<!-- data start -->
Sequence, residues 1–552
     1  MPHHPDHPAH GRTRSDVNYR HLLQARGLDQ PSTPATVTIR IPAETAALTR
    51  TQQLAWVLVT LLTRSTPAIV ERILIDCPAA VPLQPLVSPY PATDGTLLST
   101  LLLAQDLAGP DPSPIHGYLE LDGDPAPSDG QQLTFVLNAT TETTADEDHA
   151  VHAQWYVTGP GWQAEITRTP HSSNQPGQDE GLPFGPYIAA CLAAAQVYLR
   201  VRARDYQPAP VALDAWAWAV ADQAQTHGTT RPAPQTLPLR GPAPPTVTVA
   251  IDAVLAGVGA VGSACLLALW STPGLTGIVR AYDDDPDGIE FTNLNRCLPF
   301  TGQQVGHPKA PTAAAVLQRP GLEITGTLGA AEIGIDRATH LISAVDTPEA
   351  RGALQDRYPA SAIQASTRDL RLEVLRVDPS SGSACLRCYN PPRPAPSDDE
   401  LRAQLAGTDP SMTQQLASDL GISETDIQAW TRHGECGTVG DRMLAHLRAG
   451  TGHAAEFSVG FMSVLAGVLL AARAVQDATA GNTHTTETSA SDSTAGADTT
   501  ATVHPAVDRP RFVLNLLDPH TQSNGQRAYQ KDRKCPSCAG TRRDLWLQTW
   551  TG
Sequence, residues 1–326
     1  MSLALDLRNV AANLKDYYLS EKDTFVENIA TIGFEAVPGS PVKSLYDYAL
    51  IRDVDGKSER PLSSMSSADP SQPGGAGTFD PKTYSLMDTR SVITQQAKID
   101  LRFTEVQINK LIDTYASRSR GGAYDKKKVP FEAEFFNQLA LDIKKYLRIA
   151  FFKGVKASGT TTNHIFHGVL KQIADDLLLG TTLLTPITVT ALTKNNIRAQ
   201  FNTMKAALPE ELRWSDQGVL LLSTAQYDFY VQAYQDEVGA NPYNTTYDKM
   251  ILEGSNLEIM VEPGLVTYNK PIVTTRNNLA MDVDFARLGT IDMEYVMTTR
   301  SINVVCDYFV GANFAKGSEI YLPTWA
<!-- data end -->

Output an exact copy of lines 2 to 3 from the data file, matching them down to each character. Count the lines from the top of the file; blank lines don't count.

     1  MPHHPDHPAH GRTRSDVNYR HLLQARGLDQ PSTPATVTIR IPAETAALTR
    51  TQQLAWVLVT LLTRSTPAIV ERILIDCPAA VPLQPLVSPY PATDGTLLST